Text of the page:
Mineralization of Urea-Formaldehyde Fertilizer and Its Availability to Oil Palm Seedling under the Tropical Environment

  •  Napon Klomklao    
  •  Somsak Maneepong    
  •  Potjamarn Suraninpong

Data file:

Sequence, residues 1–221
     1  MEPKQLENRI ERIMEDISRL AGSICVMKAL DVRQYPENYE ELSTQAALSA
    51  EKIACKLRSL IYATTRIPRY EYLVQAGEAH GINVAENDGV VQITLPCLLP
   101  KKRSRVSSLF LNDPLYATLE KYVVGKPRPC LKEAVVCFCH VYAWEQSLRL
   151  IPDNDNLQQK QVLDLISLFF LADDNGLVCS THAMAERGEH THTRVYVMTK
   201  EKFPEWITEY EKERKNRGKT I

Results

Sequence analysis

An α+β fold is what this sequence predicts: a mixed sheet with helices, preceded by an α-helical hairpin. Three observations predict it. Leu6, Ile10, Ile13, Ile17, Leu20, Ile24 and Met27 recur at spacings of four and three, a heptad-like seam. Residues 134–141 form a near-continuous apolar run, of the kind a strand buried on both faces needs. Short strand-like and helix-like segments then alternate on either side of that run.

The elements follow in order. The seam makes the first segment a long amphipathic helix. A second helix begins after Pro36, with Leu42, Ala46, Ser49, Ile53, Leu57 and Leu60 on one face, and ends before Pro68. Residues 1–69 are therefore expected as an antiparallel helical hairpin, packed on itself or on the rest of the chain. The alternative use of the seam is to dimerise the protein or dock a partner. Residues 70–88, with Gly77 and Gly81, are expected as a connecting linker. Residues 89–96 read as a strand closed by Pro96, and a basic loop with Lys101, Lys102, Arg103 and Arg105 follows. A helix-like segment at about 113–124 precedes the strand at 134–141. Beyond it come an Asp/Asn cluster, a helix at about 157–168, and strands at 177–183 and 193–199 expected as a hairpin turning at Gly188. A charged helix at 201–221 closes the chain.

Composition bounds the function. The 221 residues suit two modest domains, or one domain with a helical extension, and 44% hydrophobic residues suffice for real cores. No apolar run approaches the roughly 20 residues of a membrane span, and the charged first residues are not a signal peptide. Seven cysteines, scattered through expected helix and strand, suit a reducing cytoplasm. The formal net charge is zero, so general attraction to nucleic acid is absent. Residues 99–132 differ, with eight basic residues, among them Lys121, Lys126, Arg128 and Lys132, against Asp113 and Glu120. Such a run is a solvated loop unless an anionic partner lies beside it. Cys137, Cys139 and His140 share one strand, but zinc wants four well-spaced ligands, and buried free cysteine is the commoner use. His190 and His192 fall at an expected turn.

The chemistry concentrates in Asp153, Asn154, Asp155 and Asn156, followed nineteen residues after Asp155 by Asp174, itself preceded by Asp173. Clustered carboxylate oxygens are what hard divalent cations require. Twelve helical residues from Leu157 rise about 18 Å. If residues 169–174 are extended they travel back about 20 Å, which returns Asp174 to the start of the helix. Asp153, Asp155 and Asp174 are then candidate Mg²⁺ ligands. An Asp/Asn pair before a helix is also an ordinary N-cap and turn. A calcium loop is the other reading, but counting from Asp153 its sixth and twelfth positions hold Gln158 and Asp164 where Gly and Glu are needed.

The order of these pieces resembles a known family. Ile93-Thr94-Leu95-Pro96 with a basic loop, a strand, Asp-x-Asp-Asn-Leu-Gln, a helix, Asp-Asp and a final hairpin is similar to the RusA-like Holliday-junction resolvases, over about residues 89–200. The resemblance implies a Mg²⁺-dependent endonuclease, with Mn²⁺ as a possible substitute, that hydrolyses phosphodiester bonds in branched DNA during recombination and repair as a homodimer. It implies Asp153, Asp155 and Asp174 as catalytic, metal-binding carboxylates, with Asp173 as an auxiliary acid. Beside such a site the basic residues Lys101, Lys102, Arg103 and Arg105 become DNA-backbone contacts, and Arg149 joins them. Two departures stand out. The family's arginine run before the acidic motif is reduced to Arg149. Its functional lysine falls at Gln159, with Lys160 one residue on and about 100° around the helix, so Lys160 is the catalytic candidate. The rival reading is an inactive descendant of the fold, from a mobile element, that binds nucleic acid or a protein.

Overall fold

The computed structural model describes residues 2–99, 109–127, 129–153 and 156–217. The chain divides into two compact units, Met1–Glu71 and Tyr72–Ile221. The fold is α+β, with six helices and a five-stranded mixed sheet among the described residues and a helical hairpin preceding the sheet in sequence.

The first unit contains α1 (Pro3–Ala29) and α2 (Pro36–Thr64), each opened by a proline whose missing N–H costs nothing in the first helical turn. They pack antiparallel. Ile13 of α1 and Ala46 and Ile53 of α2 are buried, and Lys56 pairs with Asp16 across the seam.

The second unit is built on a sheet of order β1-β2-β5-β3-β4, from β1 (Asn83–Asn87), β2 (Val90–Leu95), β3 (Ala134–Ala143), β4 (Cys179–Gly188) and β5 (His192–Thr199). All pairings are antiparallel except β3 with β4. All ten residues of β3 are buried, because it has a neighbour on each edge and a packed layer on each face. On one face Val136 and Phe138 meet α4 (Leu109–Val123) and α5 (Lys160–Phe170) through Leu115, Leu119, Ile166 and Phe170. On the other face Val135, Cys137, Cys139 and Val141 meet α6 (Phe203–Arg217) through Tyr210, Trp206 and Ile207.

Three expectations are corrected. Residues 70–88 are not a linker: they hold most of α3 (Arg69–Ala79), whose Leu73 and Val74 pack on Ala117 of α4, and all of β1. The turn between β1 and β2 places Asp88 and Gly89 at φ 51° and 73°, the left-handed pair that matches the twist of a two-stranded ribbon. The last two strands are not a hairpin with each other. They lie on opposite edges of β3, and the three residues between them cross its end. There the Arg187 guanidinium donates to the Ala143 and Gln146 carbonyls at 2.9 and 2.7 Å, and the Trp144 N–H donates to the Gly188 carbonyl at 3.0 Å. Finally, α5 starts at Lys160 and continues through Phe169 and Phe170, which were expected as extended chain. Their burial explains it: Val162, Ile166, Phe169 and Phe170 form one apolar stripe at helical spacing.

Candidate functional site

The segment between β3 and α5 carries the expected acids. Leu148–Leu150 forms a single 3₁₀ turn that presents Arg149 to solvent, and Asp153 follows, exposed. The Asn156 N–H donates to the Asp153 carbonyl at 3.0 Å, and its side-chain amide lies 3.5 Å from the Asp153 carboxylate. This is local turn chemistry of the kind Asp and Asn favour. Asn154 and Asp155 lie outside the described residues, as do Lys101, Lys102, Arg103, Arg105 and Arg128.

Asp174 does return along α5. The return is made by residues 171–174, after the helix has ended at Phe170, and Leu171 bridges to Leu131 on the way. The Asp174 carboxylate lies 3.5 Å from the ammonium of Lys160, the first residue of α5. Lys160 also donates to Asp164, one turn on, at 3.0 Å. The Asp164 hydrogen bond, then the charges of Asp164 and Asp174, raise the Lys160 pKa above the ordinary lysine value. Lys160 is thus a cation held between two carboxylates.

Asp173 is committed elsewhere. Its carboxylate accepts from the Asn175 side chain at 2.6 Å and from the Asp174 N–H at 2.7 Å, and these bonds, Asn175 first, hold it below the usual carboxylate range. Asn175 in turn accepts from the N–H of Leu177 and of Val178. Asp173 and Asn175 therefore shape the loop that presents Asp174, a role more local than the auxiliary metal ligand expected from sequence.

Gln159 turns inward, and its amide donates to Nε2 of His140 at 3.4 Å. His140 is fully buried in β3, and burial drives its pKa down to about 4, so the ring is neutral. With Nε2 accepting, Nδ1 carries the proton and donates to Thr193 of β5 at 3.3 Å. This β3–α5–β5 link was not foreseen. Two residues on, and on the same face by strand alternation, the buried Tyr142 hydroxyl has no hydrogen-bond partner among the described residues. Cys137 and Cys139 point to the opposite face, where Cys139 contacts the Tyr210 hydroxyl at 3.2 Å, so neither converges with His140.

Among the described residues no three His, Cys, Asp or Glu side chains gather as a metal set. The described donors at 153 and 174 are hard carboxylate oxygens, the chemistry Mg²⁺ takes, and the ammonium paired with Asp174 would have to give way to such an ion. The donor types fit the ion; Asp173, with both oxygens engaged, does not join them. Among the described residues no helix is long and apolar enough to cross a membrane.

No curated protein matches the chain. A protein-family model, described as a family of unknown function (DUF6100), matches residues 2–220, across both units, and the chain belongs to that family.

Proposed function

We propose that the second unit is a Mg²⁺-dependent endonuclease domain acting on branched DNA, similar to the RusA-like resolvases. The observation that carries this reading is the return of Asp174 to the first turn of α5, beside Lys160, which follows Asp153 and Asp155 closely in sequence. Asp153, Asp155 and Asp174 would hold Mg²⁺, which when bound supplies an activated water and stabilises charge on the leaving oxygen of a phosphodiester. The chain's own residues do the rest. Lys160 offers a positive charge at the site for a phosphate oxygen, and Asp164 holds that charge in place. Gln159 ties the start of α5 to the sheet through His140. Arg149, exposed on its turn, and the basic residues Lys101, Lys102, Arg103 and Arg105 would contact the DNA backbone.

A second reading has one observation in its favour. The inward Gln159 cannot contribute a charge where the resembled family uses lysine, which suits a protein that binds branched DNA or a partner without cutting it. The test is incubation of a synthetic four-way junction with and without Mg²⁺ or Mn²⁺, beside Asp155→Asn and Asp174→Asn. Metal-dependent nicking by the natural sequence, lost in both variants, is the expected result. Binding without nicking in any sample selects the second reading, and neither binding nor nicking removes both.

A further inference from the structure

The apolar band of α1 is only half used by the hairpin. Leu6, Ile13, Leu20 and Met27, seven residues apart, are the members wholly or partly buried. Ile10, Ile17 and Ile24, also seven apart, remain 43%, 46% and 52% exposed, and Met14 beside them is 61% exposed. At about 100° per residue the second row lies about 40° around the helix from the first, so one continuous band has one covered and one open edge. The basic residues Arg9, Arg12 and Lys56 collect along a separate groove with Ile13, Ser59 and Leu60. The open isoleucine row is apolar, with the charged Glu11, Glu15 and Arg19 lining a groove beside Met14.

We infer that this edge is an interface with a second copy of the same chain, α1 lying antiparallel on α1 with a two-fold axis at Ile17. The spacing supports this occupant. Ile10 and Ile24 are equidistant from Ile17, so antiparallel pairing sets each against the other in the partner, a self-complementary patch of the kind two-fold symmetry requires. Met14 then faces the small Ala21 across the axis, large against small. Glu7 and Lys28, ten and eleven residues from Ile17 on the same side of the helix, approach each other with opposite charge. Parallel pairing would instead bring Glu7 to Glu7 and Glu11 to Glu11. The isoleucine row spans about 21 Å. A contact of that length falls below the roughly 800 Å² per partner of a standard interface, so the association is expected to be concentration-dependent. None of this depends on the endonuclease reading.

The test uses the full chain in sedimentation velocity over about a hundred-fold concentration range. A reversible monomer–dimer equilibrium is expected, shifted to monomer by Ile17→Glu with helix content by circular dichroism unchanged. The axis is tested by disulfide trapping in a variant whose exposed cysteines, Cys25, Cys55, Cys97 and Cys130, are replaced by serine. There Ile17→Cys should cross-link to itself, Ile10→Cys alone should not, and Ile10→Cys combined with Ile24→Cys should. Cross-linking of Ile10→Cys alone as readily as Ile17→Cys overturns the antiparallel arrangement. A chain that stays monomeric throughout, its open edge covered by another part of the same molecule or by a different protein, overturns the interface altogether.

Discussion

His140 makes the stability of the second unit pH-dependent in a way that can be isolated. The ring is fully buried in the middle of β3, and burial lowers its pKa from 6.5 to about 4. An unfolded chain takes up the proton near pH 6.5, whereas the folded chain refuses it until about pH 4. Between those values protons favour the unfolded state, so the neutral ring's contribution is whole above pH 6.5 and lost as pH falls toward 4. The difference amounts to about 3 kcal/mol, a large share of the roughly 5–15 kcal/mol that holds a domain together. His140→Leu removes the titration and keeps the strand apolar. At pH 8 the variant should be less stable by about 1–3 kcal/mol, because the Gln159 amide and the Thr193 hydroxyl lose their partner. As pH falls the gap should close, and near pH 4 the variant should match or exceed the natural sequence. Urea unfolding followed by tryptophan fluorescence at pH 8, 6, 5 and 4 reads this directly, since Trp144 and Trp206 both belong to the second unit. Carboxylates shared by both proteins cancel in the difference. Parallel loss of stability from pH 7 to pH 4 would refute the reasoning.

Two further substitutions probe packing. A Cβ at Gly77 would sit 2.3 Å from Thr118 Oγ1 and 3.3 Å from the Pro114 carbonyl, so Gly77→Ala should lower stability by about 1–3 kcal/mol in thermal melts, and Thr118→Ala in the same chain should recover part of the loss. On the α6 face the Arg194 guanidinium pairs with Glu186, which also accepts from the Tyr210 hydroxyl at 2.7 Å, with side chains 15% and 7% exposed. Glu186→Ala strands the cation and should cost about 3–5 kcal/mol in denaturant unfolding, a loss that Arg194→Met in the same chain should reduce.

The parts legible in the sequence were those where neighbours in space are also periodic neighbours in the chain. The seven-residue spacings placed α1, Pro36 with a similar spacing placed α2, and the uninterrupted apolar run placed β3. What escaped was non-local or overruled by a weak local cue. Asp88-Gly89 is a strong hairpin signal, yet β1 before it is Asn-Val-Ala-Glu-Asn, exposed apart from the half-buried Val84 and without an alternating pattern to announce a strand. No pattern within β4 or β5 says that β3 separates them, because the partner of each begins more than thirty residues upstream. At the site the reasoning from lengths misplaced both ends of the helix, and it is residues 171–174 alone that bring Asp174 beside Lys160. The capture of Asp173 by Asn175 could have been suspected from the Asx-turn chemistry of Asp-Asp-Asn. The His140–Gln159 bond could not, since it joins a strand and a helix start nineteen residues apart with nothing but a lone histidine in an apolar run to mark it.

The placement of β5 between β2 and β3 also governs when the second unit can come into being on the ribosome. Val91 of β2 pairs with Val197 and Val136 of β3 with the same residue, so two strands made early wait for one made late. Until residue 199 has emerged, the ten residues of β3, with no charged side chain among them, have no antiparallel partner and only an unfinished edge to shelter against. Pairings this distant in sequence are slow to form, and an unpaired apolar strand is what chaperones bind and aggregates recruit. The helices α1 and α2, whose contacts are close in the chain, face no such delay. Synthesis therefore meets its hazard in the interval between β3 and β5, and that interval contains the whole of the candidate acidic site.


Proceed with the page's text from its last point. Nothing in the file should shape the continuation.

Easily dissolved fertilizers release nutrient in excess amount to be assimilated by plant roots. Some portions these fertilizers leach out from the root zone and adversely impact the environment. Controlled-release fertilizers are more favorable to reduce fertilizer loss, labor cost, and environmental impact. Urea-formaldehyde (UF) was synthesized by polymerization of urea and 40% formaldehyde solution using H3PO4 as a catalyst. Three mole ratios of urea:formaldehyde, namely, 1.0:1.0, 1.5:1.0 and 2.0:1.0 were synthesized. Mineralization of the UF was conducted using eight different mixtures, four different moisture, and four incubation periods. The experiment included soil alone, soil with compost, soil with UF (1.0:1.0), soil with UF (1.5:1.0), soil with UF (2.0:1.0), soil with UF (1.0:1.0) and compost, soil with UF (1.5:1.0) and compost, and soil with UF (2.0:1.0) and compost. Moisture of the mixtures was adjusted to 20%, 40% 60% and 80% water holding capacity (WHC) of the soil. The mixtures were incubated at room temperature for 1, 2, 4 and 8 weeks, the released NH4+ and NO3- were extracted by 1 M KCl and analyzed via a distillation method. Rates of mineralization increased with mole ratio of urea and moisture content of the soil. N loss increased with the moisture content. The best performance for the compromised condition was a mole ratio less than 1.5:1.0 (urea:formaldehyde) at 60% WHC. Availability of UF and serpentine-phosphate for oil palm seedlings was conducted using 10 treatments. The experiment consisted of soil without amendment; soil with Multicote; soil with cow manure; soil with cow manure and urea; soil with cow manure and UF (1.0:1.0); soil with cow manure and UF (1.5:1.0); soil with cow manure, MgHPO4 and UF (1.0:1.0); soil with cow manure, MgHPO4 and UF (1.5:1.0); soil with cow manure, serpentine-phosphate and UF (1.0:1.0); and soil with cow manure, serpentine-phosphate and UF (1.5:1.0). All amended soils increased vegetative growth of oil palm seedlings compared with the non-amended soils. Urea and UF increased the N content in seedling leaves, while Multicote, cow manure, MgHPO4, and serpentine-phosphate increased the Mg content. The best performance was found in the combination of cow manure, serpentine-phosphate and the UF with mole ratio of 1.0:1.0.

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